Help to supply? UK government scheme held back by stock

  • 9 years ago
  • Uncategorized
Help to Buy has now helped almost 88,420 people to purchase a home, the UK government has announced, but new research suggests that the scheme is being held back by one of the problems it is designed to solve.
The scheme was introduced in 2013 to help taxpayers who could pay a mortgage but couldn’t afford the high deposits demanded by lenders in the wake of the financial crisis. It was joined by the elp to Buy: NewBuy scheme, which offers 95 per cent mortgages for those buying new-build properties.
Together, Help to Buy is designed to encourage first-time buyers onto the housing ladder, as well as boost construction by stimulating demand for new build properties. 
Indeed, over half of the homes bought through Help to Buy have been new homes, helping to contribute to the 37 per cent rise in private house building since the scheme’s launch.
The average house price for Help to Buy purchases was £185,000, significantly below the national average property value. New research from Zoopla, though, shows that the average price of property eligible for Help to Buy has risen 5.5 per cent in the past year, as the country’s chronic housing shortage takes it toll.
The number of properties on the market eligible for the government’s Help to Buy scheme has fallen 7.4 per cent in the last year, according to property website’s analysis of properties for sale in England and Wales up to a value of £600,000. As a result, the average price of properties for sale that qualify for Help to Buy has risen 5.5 per cent since March 2014.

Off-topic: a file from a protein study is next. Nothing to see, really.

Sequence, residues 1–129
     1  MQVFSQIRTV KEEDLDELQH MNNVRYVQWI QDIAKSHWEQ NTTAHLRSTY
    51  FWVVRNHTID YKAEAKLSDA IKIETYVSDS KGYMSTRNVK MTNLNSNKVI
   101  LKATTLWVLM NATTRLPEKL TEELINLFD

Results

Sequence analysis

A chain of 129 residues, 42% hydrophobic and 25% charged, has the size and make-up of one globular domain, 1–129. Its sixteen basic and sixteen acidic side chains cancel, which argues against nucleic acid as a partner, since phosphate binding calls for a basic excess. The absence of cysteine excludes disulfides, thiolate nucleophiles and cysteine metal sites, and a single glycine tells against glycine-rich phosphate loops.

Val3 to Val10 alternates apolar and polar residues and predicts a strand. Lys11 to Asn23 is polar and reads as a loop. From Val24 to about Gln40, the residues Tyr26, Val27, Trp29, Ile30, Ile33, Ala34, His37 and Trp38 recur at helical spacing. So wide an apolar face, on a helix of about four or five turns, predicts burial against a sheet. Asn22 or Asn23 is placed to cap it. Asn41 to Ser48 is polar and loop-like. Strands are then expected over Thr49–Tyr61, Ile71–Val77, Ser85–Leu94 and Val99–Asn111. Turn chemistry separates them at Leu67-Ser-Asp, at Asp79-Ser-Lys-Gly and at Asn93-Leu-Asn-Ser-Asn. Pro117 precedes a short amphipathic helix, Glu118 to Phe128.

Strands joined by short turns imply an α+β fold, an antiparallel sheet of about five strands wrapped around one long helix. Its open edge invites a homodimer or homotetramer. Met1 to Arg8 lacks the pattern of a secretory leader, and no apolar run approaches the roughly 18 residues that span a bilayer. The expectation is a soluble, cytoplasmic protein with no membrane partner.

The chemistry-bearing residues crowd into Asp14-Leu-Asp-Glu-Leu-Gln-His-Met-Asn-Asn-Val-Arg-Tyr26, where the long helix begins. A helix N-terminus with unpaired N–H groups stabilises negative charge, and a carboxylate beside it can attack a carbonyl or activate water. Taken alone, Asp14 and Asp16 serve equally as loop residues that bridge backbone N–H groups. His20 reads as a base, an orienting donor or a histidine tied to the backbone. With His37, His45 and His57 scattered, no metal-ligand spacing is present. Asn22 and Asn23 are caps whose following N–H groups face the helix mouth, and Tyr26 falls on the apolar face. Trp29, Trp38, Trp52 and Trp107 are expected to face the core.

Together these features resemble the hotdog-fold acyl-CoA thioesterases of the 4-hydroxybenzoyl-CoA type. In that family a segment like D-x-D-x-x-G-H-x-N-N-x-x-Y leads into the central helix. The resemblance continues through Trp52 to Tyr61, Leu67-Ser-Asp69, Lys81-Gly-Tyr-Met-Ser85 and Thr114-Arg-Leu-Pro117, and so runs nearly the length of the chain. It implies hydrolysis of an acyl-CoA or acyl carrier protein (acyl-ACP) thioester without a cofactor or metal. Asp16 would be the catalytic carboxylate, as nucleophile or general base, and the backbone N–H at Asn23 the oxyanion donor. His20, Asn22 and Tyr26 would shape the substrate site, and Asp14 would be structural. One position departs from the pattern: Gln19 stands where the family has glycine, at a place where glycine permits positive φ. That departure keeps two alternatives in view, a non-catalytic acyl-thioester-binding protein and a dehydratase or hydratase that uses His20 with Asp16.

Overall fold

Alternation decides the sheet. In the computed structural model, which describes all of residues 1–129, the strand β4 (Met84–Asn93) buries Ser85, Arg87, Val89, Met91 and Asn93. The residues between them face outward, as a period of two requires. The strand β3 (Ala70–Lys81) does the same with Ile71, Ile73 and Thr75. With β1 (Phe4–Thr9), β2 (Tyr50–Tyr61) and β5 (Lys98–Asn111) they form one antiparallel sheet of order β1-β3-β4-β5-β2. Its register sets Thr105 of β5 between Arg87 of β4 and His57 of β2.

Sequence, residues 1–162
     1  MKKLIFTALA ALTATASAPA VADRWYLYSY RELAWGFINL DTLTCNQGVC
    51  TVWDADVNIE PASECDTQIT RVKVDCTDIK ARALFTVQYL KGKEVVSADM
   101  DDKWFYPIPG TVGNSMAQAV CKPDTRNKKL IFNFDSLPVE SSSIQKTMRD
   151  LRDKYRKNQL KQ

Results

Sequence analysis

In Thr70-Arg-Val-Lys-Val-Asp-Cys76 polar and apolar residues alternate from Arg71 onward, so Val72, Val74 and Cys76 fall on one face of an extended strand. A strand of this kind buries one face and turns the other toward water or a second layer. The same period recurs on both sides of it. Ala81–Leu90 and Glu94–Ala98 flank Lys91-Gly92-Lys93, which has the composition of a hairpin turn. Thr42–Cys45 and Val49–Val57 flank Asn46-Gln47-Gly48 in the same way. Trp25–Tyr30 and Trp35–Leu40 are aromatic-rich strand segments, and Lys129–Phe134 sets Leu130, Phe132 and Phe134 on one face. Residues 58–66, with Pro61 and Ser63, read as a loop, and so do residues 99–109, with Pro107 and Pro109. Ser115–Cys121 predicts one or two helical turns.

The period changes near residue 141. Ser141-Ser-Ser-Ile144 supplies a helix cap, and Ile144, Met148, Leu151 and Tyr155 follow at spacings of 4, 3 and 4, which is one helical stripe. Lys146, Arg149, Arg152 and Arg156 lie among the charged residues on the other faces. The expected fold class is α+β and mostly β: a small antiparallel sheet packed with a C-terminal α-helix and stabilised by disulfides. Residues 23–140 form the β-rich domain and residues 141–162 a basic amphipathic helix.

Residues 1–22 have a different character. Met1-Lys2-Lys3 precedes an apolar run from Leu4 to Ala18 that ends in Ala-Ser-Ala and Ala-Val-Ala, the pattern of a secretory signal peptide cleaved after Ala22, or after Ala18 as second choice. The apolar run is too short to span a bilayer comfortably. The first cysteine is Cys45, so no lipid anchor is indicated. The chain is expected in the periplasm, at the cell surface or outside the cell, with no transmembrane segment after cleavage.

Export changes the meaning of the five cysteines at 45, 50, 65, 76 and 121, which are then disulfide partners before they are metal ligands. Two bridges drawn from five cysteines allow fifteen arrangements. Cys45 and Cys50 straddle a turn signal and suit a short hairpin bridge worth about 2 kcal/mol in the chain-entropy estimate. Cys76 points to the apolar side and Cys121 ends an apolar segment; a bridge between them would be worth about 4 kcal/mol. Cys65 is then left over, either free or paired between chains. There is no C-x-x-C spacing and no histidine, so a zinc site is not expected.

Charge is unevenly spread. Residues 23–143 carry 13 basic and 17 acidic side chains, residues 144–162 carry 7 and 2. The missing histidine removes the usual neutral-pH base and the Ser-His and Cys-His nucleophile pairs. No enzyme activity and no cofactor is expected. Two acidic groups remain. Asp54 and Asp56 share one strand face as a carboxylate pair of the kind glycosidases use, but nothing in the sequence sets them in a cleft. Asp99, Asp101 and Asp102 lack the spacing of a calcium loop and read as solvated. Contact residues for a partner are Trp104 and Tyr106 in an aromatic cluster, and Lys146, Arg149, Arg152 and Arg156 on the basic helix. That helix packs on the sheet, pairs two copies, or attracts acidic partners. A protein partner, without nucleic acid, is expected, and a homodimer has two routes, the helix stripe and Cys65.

The biggest fall in properties eligible for Help to Buy in the past year has been in the East of England, with a 12.3 per cent reduction in suitable stock on the market, while average prices have climbed 6.1 per cent over the same period. In London, the typical value of a property qualifying for Help to Buy has risen by 11.7 per cent since March 2014. 
Further south, the number of properties for sale in Worcester, Cheltenham and Exeter that qualify for Help to Buy support has increased 5.4 per cent, 3.3 per cent, and 3.2 per cent respectively in the past twelve months.  
Lawrence Hall of commented: “The Help to Buy scheme was intended as a leg up for flailing first-time buyers, but in some areas that footrest has since been pulled from under their feet. Greater demand hasn’t been met by greater supply of homes on the market, and instead the soaring price growth of the past year appears to have airlifted many properties out of the starter home zone.  The pool of homes on the market within reach of Help to Buy assistance needs to expand, or this pinch on supply will continue to inflate prices at the bottom rungs of the ladder.”

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